Text and photographs, by Jacqueline Banerjee. [You may use these images without prior permission for any scholarly or educational purpose as long as you (1) credit the photographer and (2) link your document to this URL or cite the Victorian Web in a print one. Click on the images to enlarge them.]
listed house at Strawberry Hill, Twickenham. On the first floor of the south wing, above the Great Cloister, this is the showpiece created by Walpole to display his artworks — an artwork in itself, its measurements given in his guide to the house as "FIFTY-SIX foot long and seventeen high, and thirteen wide without recesses" (19). It is a composite design mixing different sources, carried through by different participants in his building programme. The ceiling, he explains in the guide, is copied from that of the Henry VII chapel at Westminster Abbey, the doors (one large and two smaller ones) from the north door of St Alban's, and the display side with the recesses from the tomb of Archbishop Bourchier in Canterbury Cathedral. He adds that John Chute (1701-76) and "Mr Thomas Pitt of Boconnoch" designed the chimney-piece, and that the room is "hung with crimson Norwich damask" (19).in Horace Walpole's Grade I
Left to right: (a) The length of the gallery from the west. (b) The elaborate chimney-piece. (c) The canopied recesses from the east.
Kenneth Clark describes Pitt as "a neighbour who drew Gothic with taste" and who replaced Richard Bentley as the latter's "defects" (laziness, money problems — and a dull wife!) became more trying. There is certainly a sense here of a different hand at work, although the gallery would always have been intended to be much more magnificent than the living areas, including the sombrely Gothic Library. One of the state apartments, it was the "main room for entertaining," with its five "mirrored gothic tracery recesses" designed to set off Walpole's fine collection of paintings to the best advantage ("Strawberry Hill") while making a brilliant backdrop to convivial evenings.
The fan-vaulted and gilded papier-mˆaché ceiling.
Clark talks about the "bespangled Gothicism of the Gallery" as something not to be taken seriously (51). Yet it was the fullest expression of Strawberry Hill's capacity to surprise and delight "partly through an extraordinary and theatrical use of light and colour" (Chalcraft and Viscardi 9), and must have been an important element of the impact of the house. In the wider cultural sense, it is also worth noting that Walpole's collections at Strawberry Hill were very extensive. The gestures of private collectors like Walpole, and institutions like the Foundling Hospital, in sharing the pleasure of their artworks with others, would eventually result in the establishment of the country's major public galleries and museums.
Walpole's collections, including ceramics, books, curios, furniture and so on as well as paintings, were sold off by the Seventh Earl of Waldegrave, to whom the house had eventually passed, in the "Great Sale" of 1842. In the catalogue (the title page of which is shown below right) the house is described as "teeming with the finest works of the greatest masters" (Robins vi). Among these are later listed works in the Gallery by Reynolds and Watteau (Robins 214-15). As can be imagined, many such items ended up very far indeed from Twickenham: the Watteau painting, bought by a certain J. P. Beavan for £35.14.0, is now in the Musée des Beaux-Arts, Strasbourg ("The Woman Cleaning Copper"). However, in the following century Wilmarth Lewis, a collector himself and the author of Horace Walpole's Library (1958), acquired as much "Walpoliana" as he could and bequeathed it to Yale University, where the Lewis Walpole Library has a database covering all that Walpole is known to have collected, making it a marvellous resource for any in-depth study of Walpole and his house (see "The Lewis Walpole Library" and also "Strawberry Hill: The Collections").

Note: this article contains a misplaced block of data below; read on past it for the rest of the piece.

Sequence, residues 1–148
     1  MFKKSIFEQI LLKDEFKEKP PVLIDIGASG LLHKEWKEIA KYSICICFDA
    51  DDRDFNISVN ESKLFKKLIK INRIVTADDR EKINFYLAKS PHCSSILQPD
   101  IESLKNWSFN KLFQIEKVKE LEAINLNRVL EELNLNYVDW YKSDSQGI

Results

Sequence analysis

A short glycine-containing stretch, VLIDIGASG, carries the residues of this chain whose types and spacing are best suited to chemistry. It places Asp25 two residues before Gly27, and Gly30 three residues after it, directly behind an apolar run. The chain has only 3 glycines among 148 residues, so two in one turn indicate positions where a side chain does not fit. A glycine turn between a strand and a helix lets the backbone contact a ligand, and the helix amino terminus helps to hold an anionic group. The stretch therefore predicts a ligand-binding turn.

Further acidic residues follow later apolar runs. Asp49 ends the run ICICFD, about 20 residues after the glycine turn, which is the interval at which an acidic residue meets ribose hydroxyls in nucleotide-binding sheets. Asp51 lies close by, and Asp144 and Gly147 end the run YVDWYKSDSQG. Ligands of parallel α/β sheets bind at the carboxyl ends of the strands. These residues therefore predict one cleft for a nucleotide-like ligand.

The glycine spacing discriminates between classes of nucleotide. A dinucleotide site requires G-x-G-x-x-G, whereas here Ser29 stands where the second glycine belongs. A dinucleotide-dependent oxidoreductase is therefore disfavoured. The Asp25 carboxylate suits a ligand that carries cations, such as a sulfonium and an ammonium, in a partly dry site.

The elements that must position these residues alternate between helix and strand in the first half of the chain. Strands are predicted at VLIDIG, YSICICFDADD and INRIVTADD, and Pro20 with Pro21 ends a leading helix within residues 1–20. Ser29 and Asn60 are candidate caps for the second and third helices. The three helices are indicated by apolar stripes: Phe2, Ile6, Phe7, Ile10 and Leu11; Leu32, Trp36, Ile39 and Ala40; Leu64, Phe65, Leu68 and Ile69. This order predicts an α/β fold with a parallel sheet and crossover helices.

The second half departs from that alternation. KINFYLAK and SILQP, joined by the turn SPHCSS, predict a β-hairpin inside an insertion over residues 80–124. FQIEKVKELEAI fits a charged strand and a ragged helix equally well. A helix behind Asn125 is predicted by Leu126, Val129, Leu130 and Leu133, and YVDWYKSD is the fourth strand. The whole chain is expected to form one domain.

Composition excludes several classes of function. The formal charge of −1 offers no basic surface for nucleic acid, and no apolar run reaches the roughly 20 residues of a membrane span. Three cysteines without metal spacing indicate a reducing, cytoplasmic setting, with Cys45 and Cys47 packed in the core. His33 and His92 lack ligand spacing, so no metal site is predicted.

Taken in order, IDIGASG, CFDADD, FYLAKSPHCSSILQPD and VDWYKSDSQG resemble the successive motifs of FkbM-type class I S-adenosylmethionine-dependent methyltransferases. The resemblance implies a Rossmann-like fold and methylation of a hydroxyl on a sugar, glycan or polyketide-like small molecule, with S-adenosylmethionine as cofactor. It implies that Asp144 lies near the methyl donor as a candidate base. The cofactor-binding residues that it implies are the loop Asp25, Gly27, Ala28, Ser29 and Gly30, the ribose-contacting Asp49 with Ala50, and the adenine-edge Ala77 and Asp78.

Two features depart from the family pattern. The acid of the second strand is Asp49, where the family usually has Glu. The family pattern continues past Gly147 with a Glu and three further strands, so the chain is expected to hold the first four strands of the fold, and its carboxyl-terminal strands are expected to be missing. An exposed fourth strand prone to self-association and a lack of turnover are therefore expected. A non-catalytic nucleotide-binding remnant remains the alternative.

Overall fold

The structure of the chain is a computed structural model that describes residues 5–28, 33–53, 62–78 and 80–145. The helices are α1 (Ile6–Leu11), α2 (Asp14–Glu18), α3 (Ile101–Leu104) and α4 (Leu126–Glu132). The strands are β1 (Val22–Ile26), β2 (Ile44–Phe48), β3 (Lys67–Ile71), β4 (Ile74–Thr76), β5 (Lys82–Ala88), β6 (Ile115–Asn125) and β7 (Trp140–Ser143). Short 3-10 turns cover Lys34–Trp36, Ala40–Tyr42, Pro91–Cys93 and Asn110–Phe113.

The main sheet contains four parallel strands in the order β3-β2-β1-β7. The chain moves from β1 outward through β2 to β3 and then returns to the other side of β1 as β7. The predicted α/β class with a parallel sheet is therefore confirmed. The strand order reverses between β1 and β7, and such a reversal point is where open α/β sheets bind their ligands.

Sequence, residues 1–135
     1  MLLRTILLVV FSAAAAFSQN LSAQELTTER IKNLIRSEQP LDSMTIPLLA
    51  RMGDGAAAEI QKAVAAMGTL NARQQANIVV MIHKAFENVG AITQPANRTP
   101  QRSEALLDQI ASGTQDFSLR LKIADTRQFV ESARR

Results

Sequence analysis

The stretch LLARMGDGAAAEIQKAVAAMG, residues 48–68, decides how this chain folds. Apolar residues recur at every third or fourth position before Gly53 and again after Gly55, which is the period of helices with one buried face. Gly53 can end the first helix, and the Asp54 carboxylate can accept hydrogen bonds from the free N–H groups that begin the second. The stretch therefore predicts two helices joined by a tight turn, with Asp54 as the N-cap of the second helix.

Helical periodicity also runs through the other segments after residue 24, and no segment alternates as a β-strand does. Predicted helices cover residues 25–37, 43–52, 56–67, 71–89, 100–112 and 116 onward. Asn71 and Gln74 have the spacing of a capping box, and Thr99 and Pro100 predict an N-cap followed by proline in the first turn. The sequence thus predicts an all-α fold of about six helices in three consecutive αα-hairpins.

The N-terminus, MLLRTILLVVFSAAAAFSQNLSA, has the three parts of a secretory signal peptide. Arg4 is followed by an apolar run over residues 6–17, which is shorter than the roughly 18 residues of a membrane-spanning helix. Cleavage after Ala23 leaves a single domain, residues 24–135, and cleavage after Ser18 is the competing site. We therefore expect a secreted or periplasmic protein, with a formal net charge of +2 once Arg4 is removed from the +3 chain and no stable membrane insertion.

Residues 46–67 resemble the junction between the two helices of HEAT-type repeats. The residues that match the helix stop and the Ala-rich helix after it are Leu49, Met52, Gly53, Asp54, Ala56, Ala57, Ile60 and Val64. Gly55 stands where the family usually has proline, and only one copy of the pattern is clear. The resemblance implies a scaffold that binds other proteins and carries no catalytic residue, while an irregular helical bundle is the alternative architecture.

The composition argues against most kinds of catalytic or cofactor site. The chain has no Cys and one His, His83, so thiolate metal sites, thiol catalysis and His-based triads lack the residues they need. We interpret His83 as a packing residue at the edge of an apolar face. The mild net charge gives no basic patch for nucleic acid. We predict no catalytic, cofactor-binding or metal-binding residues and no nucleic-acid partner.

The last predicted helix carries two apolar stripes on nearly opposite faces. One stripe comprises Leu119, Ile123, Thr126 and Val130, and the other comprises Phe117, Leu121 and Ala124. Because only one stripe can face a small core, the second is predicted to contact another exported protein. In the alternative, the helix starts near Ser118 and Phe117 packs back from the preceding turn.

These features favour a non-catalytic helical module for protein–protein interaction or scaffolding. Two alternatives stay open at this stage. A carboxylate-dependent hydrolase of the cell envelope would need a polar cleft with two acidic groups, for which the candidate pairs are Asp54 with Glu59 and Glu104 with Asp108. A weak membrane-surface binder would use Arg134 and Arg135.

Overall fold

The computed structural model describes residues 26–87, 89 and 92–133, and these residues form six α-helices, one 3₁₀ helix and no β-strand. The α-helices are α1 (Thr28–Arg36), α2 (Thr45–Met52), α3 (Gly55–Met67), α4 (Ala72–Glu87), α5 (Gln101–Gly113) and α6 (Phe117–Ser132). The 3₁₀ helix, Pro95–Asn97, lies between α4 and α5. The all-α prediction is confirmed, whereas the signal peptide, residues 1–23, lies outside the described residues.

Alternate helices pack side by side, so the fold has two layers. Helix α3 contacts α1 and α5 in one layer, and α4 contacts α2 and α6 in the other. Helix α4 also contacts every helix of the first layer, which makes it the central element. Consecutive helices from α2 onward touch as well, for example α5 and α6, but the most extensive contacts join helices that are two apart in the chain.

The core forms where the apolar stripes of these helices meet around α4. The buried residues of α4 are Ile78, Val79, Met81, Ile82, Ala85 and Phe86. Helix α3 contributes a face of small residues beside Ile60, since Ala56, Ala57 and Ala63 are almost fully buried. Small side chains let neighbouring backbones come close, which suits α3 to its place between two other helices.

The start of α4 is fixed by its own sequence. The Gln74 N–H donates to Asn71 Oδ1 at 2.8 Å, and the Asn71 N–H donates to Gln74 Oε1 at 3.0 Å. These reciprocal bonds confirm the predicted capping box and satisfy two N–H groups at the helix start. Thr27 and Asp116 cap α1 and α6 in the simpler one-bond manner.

- Horace Walpole's Taste for the Gothic: Strawberry Hill
- The Hall and Staircase
- The Grand Parlour or Refectory
- The Library
- The Round Drawing-Room
- The Tribune
- Strawberry Hill. L[or]d Waldegrave's. Twickenham (seen from the Thames; this view is now blocked)
- Nineteenth-century Additions by Lady Waldegrave
- Stained Glass at Strawberry Hill
- French Influence on Victorian Architecture
Chalcraft, Anna, and Judith Viscardi. Strawberry Hill: Horace Walpole's Gothic Castle. London: Frances Lincoln, 2007.
Clark, Kenneth. The Gothic Revival: An Essay in the History of Taste. London: Penguin (Pelican), 1964.
"The Lewis Walpole Library." Yale University Library. Web. 24 August 2014.
Robins, George. A Catalogue of the Classic Contents of Strawberry Hill Collected by Horace Walpole (auction catalogue). Internet Archive. Contributed by the Philadelphia Museum of Art, Library. Web. 24 August 2014.
"Strawberry Hill: About the House: The Gallery." Strawberry Hill House. Web. 24 August 2014.
"Strawberry Hill: The Collections." Strawberry Hill House. Web. 24 August 2014.
Walpole, Horace. A Description of the Villa of Mr Horace Walpole at Strawberry-Hill near Twickenham, Middlesex. Edited version in a booklet compiled and written by Carole Patey and published by the Strawberry Hill Trust, 2014. Available at the house.
"The Woman Cleaning Copper." Yale University Library. Web. 24 August 2014.
Last modified 24 August 2014